The couple explained that they had decided not to have another child with the problem, but when the possibility of the Pre-Implantation Genetic Diagnosis arose, they had no doubts, especially as they really wanted another child. Now Andrés will [presumably] have a normal life, instead of living just 35 years, the average for someone with what is now his previous condition.

Wishing the family well, and not wanting to be a Luddite, but readers can probably recite the ethical concerns for themselves.

[DNA Man: tom.arthur]


O NOES teh webz iz infantilizin yr brainz (yes, again)

Paul Raven @ 25-02-2009

A bearded man infantilizing himself yesterdayIf you’re anything like me, you’ve probably never heard of Lady Greenfield, professor of synaptic pharmacology at Lincoln College, Oxford, and director of the Royal Institution. But Lady Greenfield knows all about you, and how your use of social networking sites and computer games is contributing to the ongoing infantilization of the 21st Century psyche:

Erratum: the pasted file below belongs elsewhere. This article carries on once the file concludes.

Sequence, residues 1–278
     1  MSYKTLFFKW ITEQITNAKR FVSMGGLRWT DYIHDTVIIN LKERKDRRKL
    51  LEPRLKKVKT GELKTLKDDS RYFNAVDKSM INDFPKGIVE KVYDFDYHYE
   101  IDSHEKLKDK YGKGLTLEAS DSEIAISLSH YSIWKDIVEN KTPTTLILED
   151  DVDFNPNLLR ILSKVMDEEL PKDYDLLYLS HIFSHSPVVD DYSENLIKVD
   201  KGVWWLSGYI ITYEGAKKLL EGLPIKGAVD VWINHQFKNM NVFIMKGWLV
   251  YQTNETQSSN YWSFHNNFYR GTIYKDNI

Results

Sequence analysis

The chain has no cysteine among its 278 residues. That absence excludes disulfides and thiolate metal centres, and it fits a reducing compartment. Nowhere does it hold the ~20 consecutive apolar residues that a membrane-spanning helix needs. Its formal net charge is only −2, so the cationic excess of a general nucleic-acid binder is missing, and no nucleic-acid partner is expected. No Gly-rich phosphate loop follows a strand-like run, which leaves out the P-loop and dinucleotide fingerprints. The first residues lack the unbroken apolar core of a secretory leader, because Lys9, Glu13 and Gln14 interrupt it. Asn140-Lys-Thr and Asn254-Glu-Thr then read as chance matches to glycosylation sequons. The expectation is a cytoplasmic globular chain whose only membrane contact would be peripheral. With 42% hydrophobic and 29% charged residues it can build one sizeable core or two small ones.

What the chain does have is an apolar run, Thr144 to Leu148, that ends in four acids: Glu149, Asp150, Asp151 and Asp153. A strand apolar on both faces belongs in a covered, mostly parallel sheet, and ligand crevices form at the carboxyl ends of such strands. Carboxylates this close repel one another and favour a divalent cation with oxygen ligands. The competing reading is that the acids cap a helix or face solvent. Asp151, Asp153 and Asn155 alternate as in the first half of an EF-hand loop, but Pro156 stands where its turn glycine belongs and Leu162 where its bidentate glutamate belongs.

Arguing that social network sites are putting attention span in jeopardy, she said: “If the young brain is exposed from the outset to a world of fast action and reaction, of instant new screen images flashing up with the press of a key, such rapid interchange might accustom the brain to operate over such timescales. Perhaps when in the real world such responses are not immediately forthcoming, we will see such behaviours and call them attention-deficit disorder.

“It might be helpful to investigate whether the near total submersion of our culture in screen technologies over the last decade might in some way be linked to the threefold increase over this period in prescriptions for methylphenidate, the drug prescribed for attention-deficit hyperactivity disorder.”